Lyft is adding more features to its app aimed at helping drivers earn more money. The ride-hailing company claims to be adding no less than six new features based on feedback from its in-house Driver Advisory Council. It’s part of an ongoing effort by Lyft to improve support services amid criticism over driver wages and a current lack of benefits.
Lyft already offers in-app tipping, but the company is now offering riders more ways to do it. Beginning December, Lyft will roll out default tipping and in-ride tipping options, with a broader release planned for 2019. Default tipping automatically adds a tip to the fee charged to riders. Lyft claims this will help ensure drivers get their tips even if a rider is in a hurry and forgets.
High ratings help drivers attract more customers, so Lyft will also focus on helping drivers maintain those ratings. In a statement, the company said it would remove each driver’s single lowest rating after 100 trips to prevent so-called “one-off” low ratings from affecting an otherwise good record. Ratings will also default to five stars. If a passenger doesn’t specify a rating, the driver will automatically get five stars for the trip. When a rider doesn’t rate a trip, it’s usually because things went well, Lyft said.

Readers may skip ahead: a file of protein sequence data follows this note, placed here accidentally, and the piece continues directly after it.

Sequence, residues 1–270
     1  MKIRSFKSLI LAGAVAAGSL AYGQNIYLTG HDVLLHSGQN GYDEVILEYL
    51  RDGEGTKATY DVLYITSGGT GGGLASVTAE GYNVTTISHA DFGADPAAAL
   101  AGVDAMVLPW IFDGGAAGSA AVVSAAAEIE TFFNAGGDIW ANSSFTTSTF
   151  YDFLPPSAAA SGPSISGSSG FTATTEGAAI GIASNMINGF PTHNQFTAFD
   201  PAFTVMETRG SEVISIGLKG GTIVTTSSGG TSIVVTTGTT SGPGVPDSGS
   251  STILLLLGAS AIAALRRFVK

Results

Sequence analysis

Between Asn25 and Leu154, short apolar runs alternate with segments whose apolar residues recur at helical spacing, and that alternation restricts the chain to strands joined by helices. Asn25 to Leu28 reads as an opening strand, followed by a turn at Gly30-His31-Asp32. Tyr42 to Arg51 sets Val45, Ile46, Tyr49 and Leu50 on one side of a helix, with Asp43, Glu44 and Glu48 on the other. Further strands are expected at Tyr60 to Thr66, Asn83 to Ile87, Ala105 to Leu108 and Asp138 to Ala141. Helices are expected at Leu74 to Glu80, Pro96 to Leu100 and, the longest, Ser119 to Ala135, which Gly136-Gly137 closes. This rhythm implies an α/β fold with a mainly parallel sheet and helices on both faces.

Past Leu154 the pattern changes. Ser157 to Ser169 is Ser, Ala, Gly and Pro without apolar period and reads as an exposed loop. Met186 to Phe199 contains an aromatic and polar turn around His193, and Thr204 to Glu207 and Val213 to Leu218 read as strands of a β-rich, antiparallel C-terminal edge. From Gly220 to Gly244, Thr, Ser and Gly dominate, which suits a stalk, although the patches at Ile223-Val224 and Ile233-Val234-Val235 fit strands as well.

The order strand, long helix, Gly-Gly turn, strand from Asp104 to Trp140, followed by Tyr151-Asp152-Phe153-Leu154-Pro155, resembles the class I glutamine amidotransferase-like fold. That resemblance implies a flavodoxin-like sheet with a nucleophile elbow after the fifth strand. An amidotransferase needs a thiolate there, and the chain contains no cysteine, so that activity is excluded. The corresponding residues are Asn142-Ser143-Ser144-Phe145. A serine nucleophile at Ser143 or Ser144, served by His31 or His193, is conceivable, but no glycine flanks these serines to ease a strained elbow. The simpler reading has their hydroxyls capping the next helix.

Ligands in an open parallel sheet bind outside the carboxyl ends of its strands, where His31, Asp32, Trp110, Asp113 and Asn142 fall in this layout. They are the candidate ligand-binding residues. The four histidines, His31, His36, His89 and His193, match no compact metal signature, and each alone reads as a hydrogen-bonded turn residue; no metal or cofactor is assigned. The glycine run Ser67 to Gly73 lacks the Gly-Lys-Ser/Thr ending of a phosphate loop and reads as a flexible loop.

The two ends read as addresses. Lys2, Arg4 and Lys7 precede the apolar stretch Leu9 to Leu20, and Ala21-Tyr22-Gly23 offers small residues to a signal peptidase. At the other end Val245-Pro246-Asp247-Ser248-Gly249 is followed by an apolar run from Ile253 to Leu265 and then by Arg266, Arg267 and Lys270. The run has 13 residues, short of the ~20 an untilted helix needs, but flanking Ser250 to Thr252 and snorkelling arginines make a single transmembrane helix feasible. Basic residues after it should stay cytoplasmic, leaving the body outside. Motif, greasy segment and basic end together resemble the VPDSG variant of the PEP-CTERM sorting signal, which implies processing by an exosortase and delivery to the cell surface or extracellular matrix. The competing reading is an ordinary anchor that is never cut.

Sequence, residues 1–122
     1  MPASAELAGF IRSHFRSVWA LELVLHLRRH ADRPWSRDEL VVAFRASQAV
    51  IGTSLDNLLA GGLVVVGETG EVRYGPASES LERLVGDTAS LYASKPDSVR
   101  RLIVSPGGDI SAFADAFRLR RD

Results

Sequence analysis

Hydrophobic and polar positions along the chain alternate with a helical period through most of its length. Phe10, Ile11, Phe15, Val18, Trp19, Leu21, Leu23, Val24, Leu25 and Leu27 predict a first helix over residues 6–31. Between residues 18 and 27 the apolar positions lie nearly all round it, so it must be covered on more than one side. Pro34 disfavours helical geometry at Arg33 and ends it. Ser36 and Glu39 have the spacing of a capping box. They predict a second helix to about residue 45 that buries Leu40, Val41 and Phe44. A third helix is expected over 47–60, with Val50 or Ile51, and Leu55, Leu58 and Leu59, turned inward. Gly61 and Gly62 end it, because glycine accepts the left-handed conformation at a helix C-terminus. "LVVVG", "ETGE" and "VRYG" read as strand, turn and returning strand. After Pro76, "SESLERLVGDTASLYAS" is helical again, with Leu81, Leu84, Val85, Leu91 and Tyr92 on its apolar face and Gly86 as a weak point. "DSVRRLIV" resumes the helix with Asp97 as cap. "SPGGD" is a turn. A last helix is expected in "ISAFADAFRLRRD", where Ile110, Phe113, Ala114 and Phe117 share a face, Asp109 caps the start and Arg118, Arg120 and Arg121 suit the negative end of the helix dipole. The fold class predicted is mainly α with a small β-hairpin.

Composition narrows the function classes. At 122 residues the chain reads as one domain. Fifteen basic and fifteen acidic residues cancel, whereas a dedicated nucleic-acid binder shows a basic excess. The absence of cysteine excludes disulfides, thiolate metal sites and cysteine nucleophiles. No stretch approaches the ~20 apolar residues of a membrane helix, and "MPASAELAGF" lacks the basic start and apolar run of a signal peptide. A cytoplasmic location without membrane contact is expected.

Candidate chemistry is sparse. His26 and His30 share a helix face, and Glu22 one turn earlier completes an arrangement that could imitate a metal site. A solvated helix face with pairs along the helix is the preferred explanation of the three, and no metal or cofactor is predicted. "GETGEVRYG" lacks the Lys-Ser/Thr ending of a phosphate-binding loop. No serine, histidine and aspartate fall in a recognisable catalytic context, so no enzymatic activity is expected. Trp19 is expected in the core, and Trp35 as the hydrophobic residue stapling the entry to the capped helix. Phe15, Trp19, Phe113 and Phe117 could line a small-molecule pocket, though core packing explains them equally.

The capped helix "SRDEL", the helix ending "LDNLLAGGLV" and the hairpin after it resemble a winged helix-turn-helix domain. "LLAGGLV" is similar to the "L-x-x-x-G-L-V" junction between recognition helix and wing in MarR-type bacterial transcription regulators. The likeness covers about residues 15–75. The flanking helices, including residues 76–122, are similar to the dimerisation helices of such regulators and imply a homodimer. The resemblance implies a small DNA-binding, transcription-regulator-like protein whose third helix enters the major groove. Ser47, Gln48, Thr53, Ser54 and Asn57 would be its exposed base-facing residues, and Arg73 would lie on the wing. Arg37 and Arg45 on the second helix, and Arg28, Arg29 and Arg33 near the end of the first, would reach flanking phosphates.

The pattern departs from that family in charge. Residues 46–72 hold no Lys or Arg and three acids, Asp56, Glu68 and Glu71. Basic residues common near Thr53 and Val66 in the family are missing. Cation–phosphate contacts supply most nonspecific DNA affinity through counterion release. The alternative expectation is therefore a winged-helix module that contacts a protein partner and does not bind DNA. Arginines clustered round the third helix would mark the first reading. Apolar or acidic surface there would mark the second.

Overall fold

Customers who do specify lower ratings will also be asked for clarification. If a driver receives a low rating because of circumstances beyond their control, such as traffic, the rating won’t be counted against them, Lyft said.
Finally, Lyft is giving drivers more tools to schedule time on the road. The company claims 99 percent of its drivers schedule their work around other jobs, classes, or childcare, so they want to make as much money as possible during the time available. Beginning in December, the Lyft driver app home screen will display available bonuses, local events, potential riders, and a graph showing the anticipated busiest hours of the day. Drivers will also be able to see anticipated hourly demand for the entire week.
The ride-hailing company also recently announced plans to make rental cars more readily available, and to build a network of service centers offering vehicle maintenance and places for drivers to rest. These moves could help address criticism against Lyft’s practice of treating drivers as independent contractors rather than employees and help Lyft steal some drivers from rival Uber.
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